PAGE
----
Originally published by Robert Beisert at fortcollinsprogram.robert-beisert.com

Linux + C – Malloc and Free

In the last post, we employed dynamic memory allocation. Today, we’re looking at that concept in further detail.

Allocating Memory

The function malloc() – “memory allocate” pulls a section of the heap – memory that exists outside of the usual program stack which is used to store data members – and returns it to you. The size of that section is determined by you – if you tell malloc() to give you 8 bytes of memory, it will give you 8 bytes of memory. That would look like this:

malloc( (size_t) 8)

Note: We have to cast the integer 8 to the data type size_t, because malloc() expects a size_t measurement. This is the type of measurement generated by measuring functions already installed in the C language.

It’s both hard and confusing to try to remember the size of absolutely every data type we employ. This is where the function sizeof() applies; it returns an integer detailing the number of bytes which a data type occupies. For example, if we want to allocate a block the size of an integer, we can write the following:

mallocsizeof  (int)  )  )

Finally, we have to realize that malloc() can return any type of pointer to this data. It doesn’t care whether it allocates a block for characters, integers, lists, or pictures. When we use malloc(), we have to cast the pointer – that is, tell the program what kind of pointer it will deal with.

Allocating an integer would therefore look something like this:

int * panda = (int *) malloc (sizeof (int) )

Yin and Yang: Creation and Destruction

Whenever we create a thing, we also have to destroy it. Otherwise, it continues to take resources that we could otherwise use.

The opposite of malloc() is free(). free() takes a pointer to a region of data, and makes it available again.

Writing a free() operation is much simpler than writing a malloc() operation. When we want to free our integer pointer “panda”, we simply write:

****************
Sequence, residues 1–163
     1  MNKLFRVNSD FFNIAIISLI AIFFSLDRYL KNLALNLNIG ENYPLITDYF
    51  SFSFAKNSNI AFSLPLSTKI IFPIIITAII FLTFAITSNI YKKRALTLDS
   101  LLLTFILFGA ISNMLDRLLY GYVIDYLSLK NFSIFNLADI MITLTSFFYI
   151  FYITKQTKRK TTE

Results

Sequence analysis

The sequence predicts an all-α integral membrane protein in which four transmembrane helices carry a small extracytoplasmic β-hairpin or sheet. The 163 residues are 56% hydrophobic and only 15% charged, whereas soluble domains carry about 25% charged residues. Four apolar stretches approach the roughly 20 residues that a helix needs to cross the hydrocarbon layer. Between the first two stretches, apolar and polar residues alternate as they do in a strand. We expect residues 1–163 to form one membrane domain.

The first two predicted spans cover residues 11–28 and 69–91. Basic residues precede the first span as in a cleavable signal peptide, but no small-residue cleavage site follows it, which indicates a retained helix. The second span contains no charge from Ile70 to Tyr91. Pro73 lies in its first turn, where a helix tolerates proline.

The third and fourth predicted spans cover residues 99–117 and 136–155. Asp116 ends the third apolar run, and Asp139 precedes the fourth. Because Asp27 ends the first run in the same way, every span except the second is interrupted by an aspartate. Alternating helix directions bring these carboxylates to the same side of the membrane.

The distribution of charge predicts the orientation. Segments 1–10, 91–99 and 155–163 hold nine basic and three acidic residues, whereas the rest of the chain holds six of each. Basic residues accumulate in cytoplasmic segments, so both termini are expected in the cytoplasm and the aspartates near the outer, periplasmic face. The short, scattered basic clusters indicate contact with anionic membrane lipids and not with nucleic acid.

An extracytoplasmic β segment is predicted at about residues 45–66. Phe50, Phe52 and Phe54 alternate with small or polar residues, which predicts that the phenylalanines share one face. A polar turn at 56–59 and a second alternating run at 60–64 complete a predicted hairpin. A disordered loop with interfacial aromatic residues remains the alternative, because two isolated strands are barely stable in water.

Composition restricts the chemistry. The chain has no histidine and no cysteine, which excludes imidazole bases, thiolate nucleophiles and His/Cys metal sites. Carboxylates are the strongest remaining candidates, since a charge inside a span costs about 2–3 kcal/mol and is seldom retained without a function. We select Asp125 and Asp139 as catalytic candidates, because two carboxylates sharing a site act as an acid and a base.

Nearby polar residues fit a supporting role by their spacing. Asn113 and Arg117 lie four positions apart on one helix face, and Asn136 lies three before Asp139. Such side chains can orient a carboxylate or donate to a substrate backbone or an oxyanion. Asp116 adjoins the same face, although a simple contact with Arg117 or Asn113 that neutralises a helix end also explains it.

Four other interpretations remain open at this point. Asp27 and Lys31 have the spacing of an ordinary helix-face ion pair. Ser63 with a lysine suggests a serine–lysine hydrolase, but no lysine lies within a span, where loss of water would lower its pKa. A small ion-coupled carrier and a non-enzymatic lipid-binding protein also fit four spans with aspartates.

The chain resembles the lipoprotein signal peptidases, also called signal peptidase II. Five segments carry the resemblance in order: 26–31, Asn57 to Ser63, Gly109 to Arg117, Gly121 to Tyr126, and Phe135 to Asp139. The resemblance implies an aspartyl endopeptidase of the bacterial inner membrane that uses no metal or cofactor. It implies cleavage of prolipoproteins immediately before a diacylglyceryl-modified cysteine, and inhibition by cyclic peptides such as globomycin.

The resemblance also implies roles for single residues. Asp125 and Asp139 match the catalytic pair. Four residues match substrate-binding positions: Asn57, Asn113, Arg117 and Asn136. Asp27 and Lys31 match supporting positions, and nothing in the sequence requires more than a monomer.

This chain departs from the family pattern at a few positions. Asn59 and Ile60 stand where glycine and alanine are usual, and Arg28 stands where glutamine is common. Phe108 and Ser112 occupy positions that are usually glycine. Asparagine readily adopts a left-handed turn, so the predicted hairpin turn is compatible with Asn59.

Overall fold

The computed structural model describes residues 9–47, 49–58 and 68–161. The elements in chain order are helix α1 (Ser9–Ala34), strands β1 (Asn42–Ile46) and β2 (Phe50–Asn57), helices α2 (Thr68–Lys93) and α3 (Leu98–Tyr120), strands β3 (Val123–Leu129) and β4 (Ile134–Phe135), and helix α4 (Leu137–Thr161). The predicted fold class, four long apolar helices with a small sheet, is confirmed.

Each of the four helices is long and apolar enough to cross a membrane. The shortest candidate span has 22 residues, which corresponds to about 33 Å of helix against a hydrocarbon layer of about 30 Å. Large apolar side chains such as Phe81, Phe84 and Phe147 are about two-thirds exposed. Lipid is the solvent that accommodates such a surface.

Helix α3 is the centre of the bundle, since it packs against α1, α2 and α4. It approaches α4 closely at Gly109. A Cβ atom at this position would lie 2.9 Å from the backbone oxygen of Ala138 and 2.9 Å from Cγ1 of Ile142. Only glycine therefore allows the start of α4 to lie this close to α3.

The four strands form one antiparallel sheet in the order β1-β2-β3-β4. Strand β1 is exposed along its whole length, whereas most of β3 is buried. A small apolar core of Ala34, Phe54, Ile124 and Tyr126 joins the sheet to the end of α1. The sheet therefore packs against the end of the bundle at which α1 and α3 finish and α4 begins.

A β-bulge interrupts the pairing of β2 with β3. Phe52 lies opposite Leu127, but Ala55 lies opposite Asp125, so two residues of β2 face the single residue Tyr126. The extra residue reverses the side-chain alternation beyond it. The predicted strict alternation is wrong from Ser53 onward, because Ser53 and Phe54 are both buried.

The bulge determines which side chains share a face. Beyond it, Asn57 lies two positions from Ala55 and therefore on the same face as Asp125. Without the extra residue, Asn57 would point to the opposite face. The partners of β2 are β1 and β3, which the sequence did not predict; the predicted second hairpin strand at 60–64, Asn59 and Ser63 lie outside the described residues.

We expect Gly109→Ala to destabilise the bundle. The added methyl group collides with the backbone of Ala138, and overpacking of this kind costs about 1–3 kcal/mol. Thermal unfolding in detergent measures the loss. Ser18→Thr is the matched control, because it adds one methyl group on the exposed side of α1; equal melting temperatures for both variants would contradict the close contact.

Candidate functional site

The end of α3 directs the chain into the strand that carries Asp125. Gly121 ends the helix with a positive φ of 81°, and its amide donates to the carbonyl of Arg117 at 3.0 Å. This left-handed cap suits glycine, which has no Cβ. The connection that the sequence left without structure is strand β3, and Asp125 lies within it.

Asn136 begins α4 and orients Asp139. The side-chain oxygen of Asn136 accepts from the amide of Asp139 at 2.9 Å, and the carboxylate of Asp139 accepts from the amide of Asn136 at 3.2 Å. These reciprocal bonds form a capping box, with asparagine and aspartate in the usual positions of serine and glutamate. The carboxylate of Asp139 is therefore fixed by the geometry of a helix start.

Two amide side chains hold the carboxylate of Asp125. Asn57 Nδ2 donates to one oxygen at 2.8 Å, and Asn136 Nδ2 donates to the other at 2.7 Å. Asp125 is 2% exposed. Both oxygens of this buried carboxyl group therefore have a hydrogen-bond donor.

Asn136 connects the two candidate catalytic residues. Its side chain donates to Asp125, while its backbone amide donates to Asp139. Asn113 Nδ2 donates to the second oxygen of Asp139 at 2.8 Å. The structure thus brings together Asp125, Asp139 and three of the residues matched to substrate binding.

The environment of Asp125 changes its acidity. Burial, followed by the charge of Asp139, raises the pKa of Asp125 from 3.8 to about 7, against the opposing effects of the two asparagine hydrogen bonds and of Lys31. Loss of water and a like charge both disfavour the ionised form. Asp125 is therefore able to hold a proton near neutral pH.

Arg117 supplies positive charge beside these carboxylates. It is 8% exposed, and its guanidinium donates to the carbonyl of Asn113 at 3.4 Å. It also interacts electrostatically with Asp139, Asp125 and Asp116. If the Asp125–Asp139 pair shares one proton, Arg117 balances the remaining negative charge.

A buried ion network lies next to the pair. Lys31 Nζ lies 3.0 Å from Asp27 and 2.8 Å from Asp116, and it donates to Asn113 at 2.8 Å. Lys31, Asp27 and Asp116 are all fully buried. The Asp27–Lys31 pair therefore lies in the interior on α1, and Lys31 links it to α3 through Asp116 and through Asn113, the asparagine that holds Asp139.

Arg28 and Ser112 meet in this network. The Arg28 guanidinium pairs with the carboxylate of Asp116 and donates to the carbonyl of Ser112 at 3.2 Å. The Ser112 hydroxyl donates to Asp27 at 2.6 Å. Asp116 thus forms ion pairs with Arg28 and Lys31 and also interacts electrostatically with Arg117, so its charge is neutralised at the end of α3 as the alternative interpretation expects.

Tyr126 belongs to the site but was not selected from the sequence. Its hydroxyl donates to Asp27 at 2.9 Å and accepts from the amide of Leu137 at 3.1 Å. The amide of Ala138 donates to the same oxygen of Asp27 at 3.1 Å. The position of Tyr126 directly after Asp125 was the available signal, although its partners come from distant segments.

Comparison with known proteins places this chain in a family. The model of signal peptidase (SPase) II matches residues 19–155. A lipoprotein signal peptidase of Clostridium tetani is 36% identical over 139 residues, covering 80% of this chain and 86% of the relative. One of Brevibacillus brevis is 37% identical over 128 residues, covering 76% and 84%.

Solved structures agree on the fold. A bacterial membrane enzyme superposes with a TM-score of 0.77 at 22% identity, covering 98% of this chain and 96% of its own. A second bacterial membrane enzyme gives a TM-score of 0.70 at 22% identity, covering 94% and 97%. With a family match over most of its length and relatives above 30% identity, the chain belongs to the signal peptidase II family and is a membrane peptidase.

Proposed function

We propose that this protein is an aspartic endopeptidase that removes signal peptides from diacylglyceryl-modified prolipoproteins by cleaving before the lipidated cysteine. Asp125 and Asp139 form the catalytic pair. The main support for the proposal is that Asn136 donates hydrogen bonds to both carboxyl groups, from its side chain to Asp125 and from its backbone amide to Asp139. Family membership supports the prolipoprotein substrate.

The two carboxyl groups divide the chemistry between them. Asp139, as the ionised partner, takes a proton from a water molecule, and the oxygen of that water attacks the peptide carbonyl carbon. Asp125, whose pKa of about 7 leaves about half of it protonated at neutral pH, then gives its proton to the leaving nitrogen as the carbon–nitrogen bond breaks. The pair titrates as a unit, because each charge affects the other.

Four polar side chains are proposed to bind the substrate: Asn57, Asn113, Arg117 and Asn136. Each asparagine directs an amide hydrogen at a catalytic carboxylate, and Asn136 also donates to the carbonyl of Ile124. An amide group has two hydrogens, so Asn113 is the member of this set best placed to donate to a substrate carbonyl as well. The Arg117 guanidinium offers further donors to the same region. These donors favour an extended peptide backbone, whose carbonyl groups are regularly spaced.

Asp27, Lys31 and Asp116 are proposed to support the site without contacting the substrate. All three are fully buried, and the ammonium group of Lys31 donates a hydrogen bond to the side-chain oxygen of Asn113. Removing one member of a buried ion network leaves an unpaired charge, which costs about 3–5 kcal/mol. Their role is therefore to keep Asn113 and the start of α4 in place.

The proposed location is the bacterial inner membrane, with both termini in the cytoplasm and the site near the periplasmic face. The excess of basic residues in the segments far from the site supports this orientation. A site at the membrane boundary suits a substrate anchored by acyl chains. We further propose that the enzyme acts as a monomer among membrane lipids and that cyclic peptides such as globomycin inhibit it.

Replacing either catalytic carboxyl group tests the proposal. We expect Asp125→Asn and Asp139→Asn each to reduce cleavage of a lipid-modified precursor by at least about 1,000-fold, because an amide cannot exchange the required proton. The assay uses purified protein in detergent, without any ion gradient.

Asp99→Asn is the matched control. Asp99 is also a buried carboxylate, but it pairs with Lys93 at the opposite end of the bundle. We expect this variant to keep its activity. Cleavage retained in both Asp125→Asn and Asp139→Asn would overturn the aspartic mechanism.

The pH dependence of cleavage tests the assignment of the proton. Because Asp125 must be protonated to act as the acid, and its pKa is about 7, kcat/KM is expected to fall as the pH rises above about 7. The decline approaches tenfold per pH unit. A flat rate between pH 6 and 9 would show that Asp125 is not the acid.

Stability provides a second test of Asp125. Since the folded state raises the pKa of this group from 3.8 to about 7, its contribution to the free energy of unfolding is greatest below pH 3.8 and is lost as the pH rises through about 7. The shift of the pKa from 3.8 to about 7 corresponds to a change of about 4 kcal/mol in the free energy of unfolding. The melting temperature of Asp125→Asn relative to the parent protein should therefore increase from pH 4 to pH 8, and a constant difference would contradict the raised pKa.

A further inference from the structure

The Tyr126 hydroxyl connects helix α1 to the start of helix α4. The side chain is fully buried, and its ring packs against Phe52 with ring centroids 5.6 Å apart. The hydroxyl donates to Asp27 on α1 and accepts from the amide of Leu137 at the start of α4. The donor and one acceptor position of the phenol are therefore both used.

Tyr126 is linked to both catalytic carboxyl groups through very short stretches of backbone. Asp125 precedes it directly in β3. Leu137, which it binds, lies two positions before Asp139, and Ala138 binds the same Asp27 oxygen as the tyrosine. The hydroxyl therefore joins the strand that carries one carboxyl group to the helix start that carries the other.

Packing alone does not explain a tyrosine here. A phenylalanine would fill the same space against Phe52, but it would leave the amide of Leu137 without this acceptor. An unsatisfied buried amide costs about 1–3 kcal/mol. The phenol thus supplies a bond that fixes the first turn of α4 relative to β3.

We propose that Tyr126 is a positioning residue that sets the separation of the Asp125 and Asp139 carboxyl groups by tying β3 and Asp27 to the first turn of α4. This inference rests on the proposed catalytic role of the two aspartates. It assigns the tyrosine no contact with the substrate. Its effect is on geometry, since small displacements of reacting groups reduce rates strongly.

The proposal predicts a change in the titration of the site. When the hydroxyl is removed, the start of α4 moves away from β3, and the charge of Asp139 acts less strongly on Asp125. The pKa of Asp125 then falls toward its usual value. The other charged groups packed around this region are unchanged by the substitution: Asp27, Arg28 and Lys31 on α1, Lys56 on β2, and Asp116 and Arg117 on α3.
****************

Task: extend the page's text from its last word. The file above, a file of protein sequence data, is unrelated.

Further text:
free(panda)

…and it is done.

Note: When the item we want to free has pointers inside of itself (like with a list), we often want to free those pointers as well. This can be tremendously complicated, if you aren’t careful, but failing to free memory causes a lot of problems.

bad_malloc.c

WARNING: The following code contains a fatal memory leak. Running it will slow down your computer, and may result in a crash (usually non-fatal). Execute this only in a virtual machine or sandbox.

The following program allocates data like crazy, but does not free anything. It makes your computer very sad.


#include <stdio.h>
#include <stdlib.h>

int main(int argc, char *argv[])
{
//This will run until the program crashes or your computer does
while(malloc(sizeof(int)))
{

}

//Let's face it: you won't see this happen.
return 0;
}

Constructors and Destructors

As we said before, for every malloc() there must be a free(). Because a constructor is a function which creates an object using malloc(), it makes sense to have a destructor function which destroys an object using free().

There are a two simple rules for destructors:

  • Always free() the pointers inside of the object before you free the object
  • Always free from bottom to top
  • Don’t bother trying to free something that isn’t a pointer – it doesn’t work

These are good practices that generally keep you out of trouble.

Note: One reason to use destructor functions is to prevent yourself from trying to free a NULL pointer. In Linux, this usually results in a segment fault that crashes your program.

linked_list_two.c